While I appreciate 'Second Season Syndrome' can affect many sides, we left ourselves woefully short this season and were it not for some even worse sides around us, we could and should have found ourselves further in the mire.
What’s starting to get me is these perceived "delusions of grandeur" which pundits now seem to be aiming at West Ham fans, because they are completely missing the point.
"What do they expect?" asked the ever-eloquent Alan Shearer on Match of the Day - despite seemingly contradicting himself by deeming Newcastle United fans' 69th minute walk-out protest against Mike Ashley and Alan Pardew "understandable" when they sit in ninth.
What do they expect?
I’ll tell you what we expect Alan: we expect a team which plays on the floor and aims to entertain the fans.
We know we’re not going to win the league and with that being the case, surely the need to enjoy your football becomes ever greater. Particularly at today’s prices, we want to go and enjoy ourselves.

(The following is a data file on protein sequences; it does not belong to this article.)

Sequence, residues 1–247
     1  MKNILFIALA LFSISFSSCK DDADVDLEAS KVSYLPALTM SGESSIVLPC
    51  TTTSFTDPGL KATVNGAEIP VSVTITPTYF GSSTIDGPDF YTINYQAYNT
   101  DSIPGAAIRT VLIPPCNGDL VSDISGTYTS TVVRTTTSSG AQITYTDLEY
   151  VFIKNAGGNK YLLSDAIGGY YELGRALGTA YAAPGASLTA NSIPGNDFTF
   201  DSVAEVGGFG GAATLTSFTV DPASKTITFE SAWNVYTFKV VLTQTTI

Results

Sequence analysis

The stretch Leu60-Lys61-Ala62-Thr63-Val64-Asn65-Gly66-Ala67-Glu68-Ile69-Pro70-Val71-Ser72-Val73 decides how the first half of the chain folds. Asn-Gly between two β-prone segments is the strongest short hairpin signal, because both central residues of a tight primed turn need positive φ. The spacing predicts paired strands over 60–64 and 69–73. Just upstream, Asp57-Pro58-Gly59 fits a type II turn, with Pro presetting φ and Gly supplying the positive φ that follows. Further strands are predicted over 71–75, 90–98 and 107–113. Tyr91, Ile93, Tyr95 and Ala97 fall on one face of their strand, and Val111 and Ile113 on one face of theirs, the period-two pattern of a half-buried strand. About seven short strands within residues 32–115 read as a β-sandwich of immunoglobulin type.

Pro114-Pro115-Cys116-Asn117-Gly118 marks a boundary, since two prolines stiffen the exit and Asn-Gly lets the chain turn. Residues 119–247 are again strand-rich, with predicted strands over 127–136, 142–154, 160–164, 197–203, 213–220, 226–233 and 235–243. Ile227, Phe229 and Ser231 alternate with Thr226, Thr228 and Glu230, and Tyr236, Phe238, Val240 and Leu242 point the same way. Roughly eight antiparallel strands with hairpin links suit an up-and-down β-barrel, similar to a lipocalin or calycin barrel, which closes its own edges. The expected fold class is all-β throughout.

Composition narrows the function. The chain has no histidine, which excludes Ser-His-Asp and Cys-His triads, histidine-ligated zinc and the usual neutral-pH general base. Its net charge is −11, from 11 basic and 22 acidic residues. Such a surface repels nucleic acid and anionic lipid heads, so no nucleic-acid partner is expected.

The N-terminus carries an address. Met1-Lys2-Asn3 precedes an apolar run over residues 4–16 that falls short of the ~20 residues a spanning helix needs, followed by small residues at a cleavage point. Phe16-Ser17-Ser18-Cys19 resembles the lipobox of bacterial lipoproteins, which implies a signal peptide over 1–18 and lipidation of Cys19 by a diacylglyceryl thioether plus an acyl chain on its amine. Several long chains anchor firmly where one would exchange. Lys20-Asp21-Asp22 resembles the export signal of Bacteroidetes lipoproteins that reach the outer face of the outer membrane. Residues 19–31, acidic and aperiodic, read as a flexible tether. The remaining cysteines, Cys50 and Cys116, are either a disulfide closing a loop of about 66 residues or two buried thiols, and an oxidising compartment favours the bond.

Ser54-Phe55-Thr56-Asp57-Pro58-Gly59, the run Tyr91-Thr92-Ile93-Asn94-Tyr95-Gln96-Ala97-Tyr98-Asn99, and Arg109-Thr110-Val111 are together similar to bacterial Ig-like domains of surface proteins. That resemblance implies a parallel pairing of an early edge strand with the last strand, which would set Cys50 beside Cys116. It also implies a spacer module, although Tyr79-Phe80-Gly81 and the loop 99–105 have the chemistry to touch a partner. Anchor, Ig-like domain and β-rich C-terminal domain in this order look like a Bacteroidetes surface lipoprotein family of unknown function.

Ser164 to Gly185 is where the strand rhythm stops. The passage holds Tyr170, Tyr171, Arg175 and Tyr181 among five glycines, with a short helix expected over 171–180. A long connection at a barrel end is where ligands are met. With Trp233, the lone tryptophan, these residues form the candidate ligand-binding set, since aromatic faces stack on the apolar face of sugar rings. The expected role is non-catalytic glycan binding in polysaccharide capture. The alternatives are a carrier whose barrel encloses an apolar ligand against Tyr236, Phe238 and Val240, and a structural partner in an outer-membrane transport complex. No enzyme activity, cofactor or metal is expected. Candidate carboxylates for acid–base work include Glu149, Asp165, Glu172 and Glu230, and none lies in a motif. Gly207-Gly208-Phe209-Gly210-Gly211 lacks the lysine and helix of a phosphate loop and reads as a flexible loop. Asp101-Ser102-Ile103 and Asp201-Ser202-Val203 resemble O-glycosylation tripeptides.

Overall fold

Afterall, why are so many of us into football in the first pace? It’s an exciting, often unpredictable, enchanting and occasionally even magical sport and not just a business.
This acceptance of football becoming a business is a very worrying trend in itself. Allardyce champions the cause of it being "all about results" - despite not getting any - but particularly if you’re not one of the tiny percentage of teams that win everything, fans need to see some heart, passion and the odd bit of quality.
On top of that, prices need to be lowered, because Dads won’t take kids and diehards will become fly-by-nights.
Going to football will be like going to a concert or the cinema and when things get bad, people will stop going and simply do something else.
I wouldn’t go so far as echoing Bill Shankley's thoughts about football being more than a matter of life and death, but football needs to be more than just a business to remain sustainable. Messrs David Gold, Sullivan and Allardyce take note: if you remove the entertainment what have you got?